Wednesday, October 1, 2008
Lions In The Darkness.
When an American thinks of Africa, the first thought that comes to him has to do with lions. He imagines the cities with streets where lions prowl around, and most of them man eaters at that. The perception is that everyone has to carry a rifle just to defend him against these man eating lions that will attack at sight, and that everyone becomes adept at shooting lions in their back yards.
We travelled up to Mufulira from Johannesburg in 1945.Mufulira was one of the northernmost mining camps close to the border of the Belgian Congo, and had just recently been established. The camp was very neatly laid out, with lovely cool bungalow type houses for the mine staff, well laid out roads and beautiful gardens planted and maintained by the mine management. There were a few shops, a mine club which housed a dance hall and a cinema. Every last Saturday in the month a matinee film was shown for the kids and entrance was free. At the door we each received a packet of sweets and a cool drink I never missed a Saturday movie, and particularly liked the cowboy films, and would take up position in the front row, and we would boo the baddies, and cheer the good guys. The noise was deafening. Kids would run around, screaming and fighting. Forming their own groups they would attack each other and act out the movie as if they were part of the show. I shudder to think how the theatre staff ever hoped to keep control of the mob.
When we arrived at the camp it was well into the rainy season, and by four in the afternoon the rain would start to fall and continue well into the night. I can remember hearing the cries of wild dogs and the mournful howls of hyenas amid the flashing lightning and the pouring rain. Often we would hear of lion sightings by the truck drivers along the road to Ndola where all our provisions were obtained, and then some of the miners who knew all about hunting would be out after the prides. I never saw any shot, but heard the grown ups speaking about all the close encounters
Our next door neighbor was a tall blonde dashing man named Steve Barry. He was every ladies idea of the perfect heartthrob, tanned and muscular with a no nonsense attitude. He had two sons, Alfred and Ivan, both dark complexioned and slight of build with impeccable manners. In their back garden was a massive termite mound on which grew a few large trees, and one morning when Steve came out to drive to work at about four thirty, he found a big male leopard sitting on the mound, and contemplating the neighborhood dogs. Steve went back inside, collected his rifle and dispatched the cheeky leopard. I can remember viewing the carcass and thinking to myself what a beautiful soft animal the leopard was. When I lifted its lip however I could see a set of very formidable fangs. Those big round soft pussycat paws also concealed a set of powerful claws.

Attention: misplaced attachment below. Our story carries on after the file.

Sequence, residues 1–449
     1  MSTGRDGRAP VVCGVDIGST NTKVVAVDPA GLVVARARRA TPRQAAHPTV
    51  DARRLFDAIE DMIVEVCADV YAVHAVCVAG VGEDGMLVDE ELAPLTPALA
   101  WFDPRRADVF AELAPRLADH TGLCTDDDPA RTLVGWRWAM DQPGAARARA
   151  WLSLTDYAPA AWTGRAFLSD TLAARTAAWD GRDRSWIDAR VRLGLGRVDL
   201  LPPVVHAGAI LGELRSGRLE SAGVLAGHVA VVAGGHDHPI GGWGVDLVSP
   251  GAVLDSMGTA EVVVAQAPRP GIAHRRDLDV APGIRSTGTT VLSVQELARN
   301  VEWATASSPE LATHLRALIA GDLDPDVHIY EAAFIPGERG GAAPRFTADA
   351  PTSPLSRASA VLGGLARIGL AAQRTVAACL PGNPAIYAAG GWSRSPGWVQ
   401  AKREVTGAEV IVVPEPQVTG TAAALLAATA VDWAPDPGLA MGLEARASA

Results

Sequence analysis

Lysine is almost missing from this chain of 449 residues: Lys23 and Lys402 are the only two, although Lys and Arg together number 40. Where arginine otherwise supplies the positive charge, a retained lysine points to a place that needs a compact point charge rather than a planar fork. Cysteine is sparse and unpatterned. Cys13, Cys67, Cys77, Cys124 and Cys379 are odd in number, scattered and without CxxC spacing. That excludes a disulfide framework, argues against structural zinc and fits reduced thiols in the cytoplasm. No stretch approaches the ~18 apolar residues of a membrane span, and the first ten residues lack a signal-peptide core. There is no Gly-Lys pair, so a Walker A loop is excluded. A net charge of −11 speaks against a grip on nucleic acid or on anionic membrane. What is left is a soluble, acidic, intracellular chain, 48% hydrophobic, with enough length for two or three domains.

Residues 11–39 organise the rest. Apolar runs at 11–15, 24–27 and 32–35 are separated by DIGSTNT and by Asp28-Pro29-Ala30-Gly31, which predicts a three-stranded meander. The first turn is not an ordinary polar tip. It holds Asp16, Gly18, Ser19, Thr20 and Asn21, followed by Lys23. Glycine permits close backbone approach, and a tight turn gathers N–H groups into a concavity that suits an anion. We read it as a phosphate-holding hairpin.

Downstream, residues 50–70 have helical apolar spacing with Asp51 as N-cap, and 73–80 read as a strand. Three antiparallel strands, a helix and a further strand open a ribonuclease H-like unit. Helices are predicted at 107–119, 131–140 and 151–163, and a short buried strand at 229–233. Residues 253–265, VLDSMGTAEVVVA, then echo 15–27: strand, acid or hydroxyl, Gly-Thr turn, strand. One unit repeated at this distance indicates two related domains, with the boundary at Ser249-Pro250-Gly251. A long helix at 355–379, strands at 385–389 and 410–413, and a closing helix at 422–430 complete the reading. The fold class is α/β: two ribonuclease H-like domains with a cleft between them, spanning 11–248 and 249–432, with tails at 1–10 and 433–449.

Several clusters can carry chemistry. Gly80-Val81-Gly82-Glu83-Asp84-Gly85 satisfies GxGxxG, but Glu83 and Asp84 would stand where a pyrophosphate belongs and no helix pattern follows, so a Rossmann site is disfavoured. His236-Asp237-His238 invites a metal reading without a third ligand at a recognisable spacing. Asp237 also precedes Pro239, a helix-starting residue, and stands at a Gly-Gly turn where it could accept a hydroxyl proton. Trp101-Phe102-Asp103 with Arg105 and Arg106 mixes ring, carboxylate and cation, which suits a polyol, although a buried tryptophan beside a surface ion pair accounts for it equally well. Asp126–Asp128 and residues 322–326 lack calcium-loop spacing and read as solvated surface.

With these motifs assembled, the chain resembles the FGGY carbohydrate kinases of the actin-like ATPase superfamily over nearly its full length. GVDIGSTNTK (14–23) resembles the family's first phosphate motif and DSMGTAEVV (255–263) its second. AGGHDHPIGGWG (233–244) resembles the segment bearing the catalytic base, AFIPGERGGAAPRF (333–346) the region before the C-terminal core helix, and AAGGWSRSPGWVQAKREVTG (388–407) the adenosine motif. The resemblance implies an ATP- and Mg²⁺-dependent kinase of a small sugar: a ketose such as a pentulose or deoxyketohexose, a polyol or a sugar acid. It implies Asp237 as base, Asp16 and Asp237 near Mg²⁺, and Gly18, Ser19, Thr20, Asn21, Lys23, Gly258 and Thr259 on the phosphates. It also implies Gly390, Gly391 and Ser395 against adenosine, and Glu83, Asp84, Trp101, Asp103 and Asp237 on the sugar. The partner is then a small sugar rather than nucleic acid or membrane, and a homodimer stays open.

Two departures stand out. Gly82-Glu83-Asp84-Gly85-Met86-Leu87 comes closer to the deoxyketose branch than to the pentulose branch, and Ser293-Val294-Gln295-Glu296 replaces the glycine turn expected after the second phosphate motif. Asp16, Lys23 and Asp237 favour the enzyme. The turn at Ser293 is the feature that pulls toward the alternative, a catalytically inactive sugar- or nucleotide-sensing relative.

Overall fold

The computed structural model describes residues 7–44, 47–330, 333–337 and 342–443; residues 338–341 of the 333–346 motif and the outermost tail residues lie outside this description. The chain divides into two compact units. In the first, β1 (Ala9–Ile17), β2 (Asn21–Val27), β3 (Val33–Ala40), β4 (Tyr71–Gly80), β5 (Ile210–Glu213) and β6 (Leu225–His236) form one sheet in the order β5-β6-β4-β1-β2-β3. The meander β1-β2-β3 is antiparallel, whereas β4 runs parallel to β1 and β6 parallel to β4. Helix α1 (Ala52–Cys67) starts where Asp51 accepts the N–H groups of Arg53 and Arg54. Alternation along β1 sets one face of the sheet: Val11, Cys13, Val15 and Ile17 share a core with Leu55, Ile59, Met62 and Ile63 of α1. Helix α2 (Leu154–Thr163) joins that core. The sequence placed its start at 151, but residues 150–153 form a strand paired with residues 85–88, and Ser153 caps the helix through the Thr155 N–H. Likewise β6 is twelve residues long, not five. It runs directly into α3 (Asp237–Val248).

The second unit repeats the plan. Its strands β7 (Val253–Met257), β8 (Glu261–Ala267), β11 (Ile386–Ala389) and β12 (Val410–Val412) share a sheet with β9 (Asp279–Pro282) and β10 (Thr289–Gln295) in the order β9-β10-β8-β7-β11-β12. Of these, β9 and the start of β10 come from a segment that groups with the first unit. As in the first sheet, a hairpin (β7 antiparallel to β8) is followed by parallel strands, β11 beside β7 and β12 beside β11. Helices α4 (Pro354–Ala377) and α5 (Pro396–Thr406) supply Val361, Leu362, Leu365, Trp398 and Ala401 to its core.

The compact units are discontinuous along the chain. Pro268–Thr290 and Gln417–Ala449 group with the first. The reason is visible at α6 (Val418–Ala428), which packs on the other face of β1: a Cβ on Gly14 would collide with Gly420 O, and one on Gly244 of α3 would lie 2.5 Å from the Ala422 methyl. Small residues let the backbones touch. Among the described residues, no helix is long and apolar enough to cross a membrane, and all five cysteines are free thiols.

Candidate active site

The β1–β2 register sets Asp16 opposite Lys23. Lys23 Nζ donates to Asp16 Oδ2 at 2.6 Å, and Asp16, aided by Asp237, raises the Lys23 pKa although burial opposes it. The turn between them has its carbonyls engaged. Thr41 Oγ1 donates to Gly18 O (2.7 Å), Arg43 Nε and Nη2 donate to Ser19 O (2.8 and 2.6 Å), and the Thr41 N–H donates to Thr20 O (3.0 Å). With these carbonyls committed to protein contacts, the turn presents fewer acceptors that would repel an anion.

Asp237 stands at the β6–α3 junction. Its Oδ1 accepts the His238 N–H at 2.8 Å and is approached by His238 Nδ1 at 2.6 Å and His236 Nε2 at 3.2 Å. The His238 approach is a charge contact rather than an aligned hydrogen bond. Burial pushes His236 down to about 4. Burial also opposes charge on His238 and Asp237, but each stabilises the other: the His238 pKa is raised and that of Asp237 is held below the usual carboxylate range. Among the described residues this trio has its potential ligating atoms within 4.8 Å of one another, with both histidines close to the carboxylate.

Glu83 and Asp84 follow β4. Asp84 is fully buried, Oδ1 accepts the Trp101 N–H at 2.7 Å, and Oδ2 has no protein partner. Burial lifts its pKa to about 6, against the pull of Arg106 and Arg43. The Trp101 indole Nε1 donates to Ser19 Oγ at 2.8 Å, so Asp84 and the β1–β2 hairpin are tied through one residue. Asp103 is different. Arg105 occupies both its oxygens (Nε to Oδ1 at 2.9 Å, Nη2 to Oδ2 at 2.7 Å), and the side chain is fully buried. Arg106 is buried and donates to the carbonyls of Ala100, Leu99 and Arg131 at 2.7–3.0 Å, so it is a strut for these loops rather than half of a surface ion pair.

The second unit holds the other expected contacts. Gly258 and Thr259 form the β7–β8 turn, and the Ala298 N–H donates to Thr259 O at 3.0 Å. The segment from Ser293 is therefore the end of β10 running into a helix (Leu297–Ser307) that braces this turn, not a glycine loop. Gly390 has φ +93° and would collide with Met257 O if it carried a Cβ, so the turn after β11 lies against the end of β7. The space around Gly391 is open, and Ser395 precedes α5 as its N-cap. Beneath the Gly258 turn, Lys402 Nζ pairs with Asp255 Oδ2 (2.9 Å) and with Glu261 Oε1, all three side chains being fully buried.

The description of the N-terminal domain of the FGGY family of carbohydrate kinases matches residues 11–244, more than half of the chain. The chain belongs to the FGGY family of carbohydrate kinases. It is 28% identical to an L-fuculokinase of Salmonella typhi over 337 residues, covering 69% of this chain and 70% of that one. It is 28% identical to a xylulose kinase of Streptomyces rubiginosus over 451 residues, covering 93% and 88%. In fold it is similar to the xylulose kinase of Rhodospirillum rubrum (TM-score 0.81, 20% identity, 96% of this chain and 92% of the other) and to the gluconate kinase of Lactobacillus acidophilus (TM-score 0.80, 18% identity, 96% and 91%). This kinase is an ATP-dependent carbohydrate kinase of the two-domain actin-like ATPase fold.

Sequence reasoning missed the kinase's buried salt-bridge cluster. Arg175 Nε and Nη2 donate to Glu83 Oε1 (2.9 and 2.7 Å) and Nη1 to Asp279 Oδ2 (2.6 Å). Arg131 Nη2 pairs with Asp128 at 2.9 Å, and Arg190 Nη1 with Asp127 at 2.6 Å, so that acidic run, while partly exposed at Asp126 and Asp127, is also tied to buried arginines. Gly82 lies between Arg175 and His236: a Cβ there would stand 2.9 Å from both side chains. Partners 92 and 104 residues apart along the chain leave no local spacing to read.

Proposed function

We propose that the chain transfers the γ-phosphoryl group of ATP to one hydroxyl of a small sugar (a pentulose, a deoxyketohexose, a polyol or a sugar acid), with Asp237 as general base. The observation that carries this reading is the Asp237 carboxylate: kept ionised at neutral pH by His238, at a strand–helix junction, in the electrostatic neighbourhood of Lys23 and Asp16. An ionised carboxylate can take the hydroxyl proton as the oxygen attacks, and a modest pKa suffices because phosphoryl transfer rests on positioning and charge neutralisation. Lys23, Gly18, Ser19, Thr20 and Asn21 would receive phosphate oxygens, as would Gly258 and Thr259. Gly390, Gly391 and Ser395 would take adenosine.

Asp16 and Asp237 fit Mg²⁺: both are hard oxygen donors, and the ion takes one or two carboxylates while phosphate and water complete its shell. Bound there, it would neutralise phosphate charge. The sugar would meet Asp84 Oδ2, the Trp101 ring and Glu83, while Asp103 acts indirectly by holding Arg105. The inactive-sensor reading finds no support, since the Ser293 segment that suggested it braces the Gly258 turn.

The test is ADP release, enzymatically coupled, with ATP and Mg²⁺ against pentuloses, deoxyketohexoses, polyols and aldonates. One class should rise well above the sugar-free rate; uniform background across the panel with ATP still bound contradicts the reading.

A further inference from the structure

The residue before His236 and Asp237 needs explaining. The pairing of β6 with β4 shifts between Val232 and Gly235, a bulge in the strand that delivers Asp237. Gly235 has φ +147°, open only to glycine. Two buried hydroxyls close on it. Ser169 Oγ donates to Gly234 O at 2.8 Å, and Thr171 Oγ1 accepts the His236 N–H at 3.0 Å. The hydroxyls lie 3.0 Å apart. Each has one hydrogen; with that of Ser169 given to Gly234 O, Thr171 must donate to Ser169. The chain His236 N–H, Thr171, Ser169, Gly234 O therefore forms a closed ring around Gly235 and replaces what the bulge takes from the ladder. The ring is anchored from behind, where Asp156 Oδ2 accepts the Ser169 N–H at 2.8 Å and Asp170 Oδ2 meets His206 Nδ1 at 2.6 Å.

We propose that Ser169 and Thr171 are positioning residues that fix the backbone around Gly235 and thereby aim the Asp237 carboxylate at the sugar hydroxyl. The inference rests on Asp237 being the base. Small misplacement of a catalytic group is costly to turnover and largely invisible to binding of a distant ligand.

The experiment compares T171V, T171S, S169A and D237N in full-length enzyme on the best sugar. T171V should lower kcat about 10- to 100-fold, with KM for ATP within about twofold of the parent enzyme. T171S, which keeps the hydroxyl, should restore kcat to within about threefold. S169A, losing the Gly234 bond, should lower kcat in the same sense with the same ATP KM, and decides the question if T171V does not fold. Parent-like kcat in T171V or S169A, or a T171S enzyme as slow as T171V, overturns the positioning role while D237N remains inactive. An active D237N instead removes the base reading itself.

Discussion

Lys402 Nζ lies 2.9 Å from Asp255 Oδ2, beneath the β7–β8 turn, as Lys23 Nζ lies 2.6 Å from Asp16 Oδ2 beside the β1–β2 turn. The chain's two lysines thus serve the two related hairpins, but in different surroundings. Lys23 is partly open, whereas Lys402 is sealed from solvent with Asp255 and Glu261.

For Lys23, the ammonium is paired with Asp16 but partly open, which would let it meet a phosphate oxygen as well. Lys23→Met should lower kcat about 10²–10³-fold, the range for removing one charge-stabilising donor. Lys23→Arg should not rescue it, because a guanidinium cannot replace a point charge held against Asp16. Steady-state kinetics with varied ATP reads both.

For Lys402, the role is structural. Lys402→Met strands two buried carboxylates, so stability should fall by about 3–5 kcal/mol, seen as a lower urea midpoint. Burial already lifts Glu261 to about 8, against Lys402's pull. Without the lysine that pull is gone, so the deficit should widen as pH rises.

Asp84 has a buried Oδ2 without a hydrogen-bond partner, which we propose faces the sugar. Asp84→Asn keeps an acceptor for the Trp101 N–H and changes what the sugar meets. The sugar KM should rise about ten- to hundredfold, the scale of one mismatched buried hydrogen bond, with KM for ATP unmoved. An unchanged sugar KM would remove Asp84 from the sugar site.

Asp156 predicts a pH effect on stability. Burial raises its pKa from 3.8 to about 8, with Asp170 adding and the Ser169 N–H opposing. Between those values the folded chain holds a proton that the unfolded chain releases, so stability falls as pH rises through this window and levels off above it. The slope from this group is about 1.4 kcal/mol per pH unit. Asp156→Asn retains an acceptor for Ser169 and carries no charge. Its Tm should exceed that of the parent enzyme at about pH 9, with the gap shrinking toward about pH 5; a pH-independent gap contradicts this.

After three years in Mufulira we moved to Lusaka, the capital of Northern Rhodesia, and the main agricultural centre of the territory. My stepfather took up farming, and there I became exposed to the hunting fraternity, and all of the farmers had encountered lions. They were cattle raiders of note, and as our farm was near the Zambezi Valley, which was full of lions, we often heard of them in our vicinity. I had heard them roar in the early hours of the morning, and travelers on our farm road had chanced across one or two.
Our farm was located to the East of Lusaka along the Great East Road, which ran from Lusaka to Fort Jameson. It was a dirt road in those days, and ran through dense bush. One could almost say that the countryside was jungle, but it was not so in the real sense of the word, but tall trees and thick scrub lined both sides of the road and there were no fences at all. Our district was known as Chalimbana, and a few miles further on along the road was the Rufunsa district. Rufunsa was a small administrative centre set just off the main road at the start of a range of steep hills. The main road ran over the hills and there were a number of very long steep inclines to be negotiated. In the late forties and early fifties there was a main contractor with the government plying the road to Fort Jameson transporting all the provisions from the railway line at Lusaka across some three hundred miles of dirt road; the carrier was named Thatcher and Hobson, and they used huge Leyland Diesel trucks carrying some thirty tons each, and pulling a ten ton trailer along behind. The trucks would proceed to Fort Jameson carrying building materials, machinery, soft goods, and all other goods required by the community in the eastern districts, and would return with agricultural products such as maize and tobacco bound for the markets in Lusaka.
About fifty miles from Lusaka they would encounter a series of steep hills, and often the truck would break down with clutch or gearbox troubles. The driver and his assistant would then stop the truck, and after putting some large boulders behind the wheels to prevent it rolling down the hill, they would make camp next to the road while they waited for another truck to pass and they send word via him to their depot for mechanical assistance. They would then wait next to their fire until a tow truck arrived to tow them in to Lusaka.
Late one afternoon a truck broke down at the spot and the two men secured it and went of to the campsite to prepare the evening meal and get ready for the night vigil. The driver lacked a bit of courage and decided to sleep in the cab of his truck. He slept soundly, and awoke with the sunrise and sauntered over to the fire where his assistant had bedded down in order to get a warm cup of coffee. The assistant was nowhere to be seen, and soon the driver came across a boot lying some distance from the fire. When he picked up the boot he found to his horror that there was a foot in it. Lions had arrived in the night and taken the assistant without the driver even awakening, and had feasted on his carcass not twenty feet away without him even being aware of his assistant's plight.